Iran ‘almost certainly’ to blame for escalation - former Israeli general

“PIJ is an absolute proxy of Iran,” former deputy commander of the IDF's Gaza Division Brig. Gen. (res.) Amir Avivi said.

Islamic Jihad militants attend the funeral of Palestinian militant Amjad Al Fayedin, who was killed in clashes during an Israeli raid, in Jenin in the Israeli-occupied West Bank, May 21, 2022. (photo credit: REUTERS/RANEEN SAWAFTA)
Islamic Jihad militants attend the funeral of Palestinian militant Amjad Al Fayedin, who was killed in clashes during an Israeli raid, in Jenin in the Israeli-occupied West Bank, May 21, 2022.
(photo credit: REUTERS/RANEEN SAWAFTA)

The current escalation between Israel and the Palestinian Islamic Jihad (PIJ) in Gaza is the result of Iranian orders, Israeli Brig. Gen. (res.) Amir Avivi tells The Media Line.

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“The military operation in Gaza began with an interception of a terror squad on its way to carry out an attack on Israel. This sort of attack, challenging the highest levels [of decision makers] in Israel, wouldn’t just require approval from Tehran, but is most likely an Iranian initiative,” Avivi says.

“As we speak, the PIJ leader, [the Syria-based] Ziyad al-Nakhalah, is in Tehran, meeting the Iranian president and the IRGC commander. PIJ is an absolute proxy of Iran. Tehran funds it and runs it,” he adds.

Palestinian Islamic Jihad is an Iranian-backed militia force in the Gaza Strip, and estimations are that Tehran is funding the organization to the tune of between $30 million and $40 million a year.

Avivi, who served as the deputy commander of Israel’s Gaza Division, is well-acquainted with the heated Gaza front.

A general view of the interior of a cross-border attack tunnel dug from Gaza to Israel, near Kissufim, seen on January 18, 2018 (credit: REUTERS/JACK GUEZ)A general view of the interior of a cross-border attack tunnel dug from Gaza to Israel, near Kissufim, seen on January 18, 2018 (credit: REUTERS/JACK GUEZ)

Terror infrastructure

“Most of the budget from Iran is being used to build tunnels. Some defensive tunnels, and others that enable surprise attacks on Israeli forces.”

Brig. Gen. (res.) Amir Avivi

“Most of the budget from Iran is being used to build tunnels. Some defensive tunnels, and others that enable surprise attacks on Israeli forces,” he explains.

The Israeli military announced on Sunday morning it had destroyed an attack tunnel, as part of the campaign against PIJ infrastructure.

“It was an operational tunnel that got quite close to the border and could have been used to carry out an attack on Israeli troops,” an official military party told The Media Line.

“I can carefully estimate there are dozens of more tunnels, built for that purpose by PIJ,” Avivi says.

Avivi is the founder of the Israel Defense and Security Forum, in Hebrew “Habithonistim” (“The security-minded ones”), an organization comprising former military and police officers that supports annexation of the West Bank and a proactive Israeli military agenda.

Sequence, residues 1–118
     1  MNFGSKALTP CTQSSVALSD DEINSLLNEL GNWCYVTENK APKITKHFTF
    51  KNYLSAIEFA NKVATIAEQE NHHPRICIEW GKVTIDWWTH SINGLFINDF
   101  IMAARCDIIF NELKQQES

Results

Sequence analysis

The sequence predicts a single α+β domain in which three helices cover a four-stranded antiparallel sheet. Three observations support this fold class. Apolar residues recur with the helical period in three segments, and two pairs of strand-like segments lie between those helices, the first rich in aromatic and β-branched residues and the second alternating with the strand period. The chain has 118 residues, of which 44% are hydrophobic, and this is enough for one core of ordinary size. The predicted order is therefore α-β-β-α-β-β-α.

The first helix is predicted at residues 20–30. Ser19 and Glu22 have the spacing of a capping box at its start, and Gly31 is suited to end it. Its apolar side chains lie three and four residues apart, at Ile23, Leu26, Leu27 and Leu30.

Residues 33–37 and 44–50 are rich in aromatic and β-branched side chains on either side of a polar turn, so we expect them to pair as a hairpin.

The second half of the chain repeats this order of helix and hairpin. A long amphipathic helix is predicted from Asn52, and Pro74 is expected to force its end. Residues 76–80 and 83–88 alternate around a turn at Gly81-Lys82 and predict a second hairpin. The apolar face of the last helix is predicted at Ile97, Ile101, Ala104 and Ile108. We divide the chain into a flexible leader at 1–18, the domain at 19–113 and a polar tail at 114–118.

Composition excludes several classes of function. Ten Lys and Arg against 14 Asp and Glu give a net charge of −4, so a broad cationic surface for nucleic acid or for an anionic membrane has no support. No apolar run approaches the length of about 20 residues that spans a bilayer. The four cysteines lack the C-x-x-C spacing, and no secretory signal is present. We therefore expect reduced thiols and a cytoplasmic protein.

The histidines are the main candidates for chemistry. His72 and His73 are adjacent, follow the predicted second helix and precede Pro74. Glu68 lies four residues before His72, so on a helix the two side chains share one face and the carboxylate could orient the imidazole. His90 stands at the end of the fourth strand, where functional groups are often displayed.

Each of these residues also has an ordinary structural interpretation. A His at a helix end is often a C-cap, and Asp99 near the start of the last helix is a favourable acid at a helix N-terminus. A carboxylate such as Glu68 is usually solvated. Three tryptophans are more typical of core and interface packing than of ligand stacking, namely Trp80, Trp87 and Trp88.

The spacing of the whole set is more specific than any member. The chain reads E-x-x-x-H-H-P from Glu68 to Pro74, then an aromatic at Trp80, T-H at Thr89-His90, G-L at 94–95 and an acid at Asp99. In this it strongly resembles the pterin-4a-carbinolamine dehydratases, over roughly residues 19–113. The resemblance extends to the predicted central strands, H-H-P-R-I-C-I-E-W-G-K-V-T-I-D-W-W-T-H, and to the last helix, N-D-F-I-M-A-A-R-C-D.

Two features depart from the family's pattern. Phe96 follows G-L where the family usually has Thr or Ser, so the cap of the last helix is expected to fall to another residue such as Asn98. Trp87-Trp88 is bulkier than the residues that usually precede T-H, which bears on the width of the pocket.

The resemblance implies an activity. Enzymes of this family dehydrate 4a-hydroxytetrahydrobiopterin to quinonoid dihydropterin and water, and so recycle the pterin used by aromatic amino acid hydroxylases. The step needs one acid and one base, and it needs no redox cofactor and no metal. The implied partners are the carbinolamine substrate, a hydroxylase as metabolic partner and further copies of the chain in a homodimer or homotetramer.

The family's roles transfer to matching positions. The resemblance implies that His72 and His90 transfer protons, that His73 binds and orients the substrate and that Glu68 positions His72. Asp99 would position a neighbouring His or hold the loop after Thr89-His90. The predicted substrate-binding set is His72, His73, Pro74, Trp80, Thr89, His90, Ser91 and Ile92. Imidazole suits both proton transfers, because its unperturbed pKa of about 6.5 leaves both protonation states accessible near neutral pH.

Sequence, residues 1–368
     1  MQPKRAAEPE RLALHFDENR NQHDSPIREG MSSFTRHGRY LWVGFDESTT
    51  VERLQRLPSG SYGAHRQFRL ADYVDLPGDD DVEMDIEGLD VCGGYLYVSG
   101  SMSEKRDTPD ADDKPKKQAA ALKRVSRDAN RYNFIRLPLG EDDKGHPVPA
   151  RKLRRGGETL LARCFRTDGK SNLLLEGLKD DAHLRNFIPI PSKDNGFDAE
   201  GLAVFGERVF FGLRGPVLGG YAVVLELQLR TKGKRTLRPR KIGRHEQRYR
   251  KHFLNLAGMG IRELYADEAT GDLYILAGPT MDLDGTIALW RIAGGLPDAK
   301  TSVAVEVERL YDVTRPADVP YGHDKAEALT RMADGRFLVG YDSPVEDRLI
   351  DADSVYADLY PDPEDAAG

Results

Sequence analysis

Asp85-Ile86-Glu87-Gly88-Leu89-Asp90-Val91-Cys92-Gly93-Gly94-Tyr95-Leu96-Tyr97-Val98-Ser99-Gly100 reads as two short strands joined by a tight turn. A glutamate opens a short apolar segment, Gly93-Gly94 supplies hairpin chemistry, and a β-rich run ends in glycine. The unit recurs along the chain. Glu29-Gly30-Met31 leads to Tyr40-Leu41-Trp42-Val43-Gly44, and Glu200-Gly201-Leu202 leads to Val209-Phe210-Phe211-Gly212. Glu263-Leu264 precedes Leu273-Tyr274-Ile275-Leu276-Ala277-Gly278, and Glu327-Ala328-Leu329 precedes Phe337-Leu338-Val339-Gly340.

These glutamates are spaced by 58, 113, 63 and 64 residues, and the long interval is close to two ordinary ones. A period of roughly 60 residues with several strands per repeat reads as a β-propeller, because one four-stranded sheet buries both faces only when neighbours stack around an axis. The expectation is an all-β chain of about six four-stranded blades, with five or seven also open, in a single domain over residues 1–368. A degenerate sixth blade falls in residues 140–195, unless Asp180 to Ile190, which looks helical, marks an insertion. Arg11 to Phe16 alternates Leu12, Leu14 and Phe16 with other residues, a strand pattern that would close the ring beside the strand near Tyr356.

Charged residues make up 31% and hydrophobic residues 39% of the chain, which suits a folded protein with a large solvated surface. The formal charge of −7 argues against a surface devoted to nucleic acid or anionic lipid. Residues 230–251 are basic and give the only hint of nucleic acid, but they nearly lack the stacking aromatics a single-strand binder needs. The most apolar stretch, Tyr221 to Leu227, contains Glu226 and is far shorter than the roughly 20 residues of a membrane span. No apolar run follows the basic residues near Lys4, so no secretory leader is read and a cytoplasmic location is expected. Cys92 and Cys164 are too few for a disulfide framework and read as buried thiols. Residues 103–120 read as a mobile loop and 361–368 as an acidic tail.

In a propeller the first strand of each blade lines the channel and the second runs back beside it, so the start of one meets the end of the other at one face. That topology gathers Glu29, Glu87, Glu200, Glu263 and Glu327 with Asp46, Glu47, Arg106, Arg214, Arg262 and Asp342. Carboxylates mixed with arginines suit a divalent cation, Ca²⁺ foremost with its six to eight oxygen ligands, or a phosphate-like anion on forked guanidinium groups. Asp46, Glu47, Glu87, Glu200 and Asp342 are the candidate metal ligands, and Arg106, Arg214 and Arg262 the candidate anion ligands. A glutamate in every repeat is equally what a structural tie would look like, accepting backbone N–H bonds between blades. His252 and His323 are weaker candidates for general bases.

“What we’re seeing right now is a decision made by Iran and PIJ to escalate the situation. I’m not involved in the details, but I can assume it has to do with Iran wanting to take revenge on Israel for many hostile actions attributed to it, like bombing nuclear facilities and assassinating Iranian officers and scientists,” he says.

“I estimate this round will end in two or three days, but the question is, what is the [Israel’s] long-run strategy? Will it be waiting for another blow or taking the initiative and crafting the security reality? I don’t have a complete answer [to the Gaza problem], but being active is definitively a better option,” Avivi says.

Brig. Gen. (res.) Hasson Hasson, another member of the Israel Defense and Security Forum, spoke to The Media Line about the behind-the-scenes efforts to reach a cease-fire.

“The Egyptian mediation is done by the Egyptian Mukhabarat [General Intelligence Service − A.K]. They have very good communication with both sides and have been doing a great job for years,” he says.

Hasson served as military secretary to the Israeli president for almost a decade and was present at very sensitive moments, including during past escalations with the Gaza Strip.

“Hamas can be helpful with the negotiations for a cease-fire. It proved to be useful in the past, as it is the dominant party on the ground. They can provide information about PIJ and help pressure them. Even if it’s not military intelligence, this information can be very helpful in a negotiation,” he says, when asked about the dynamics between Israel and Hamas.

As to why Hamas, a radical Sunni Muslim militia that is dedicated to the destruction of Israel, would assist the Jewish state, Hasson says it has its reasons.

“Hamas has a lot to gain from Israel attacking only PIJ. These two organizations have a rivalry, and eventually Hamas benefits from PIJ losing military infrastructure, if the rest of the Gaza Strip isn’t under acute danger,” he explains.

This is one of the reasons Israeli attacks in the Gaza Strip this weekend were directed at PIJ-related targets only and not Hamas. “We want to keep Hamas uninvolved because we are aware of the political efforts to prevent a further escalation,” an official military party told The Media Line.

While a cease-fire is now scheduled to take effect Sunday at 11:30 pm local time, both Israel and PIJ are aware that agreements might break down and the fight could go on for another few days.

“We are preparing for a week of fighting, with reserve forces and dozens of PIJ targets we can destroy. But we are hoping it’ll end sooner,” the military official told The Media Line.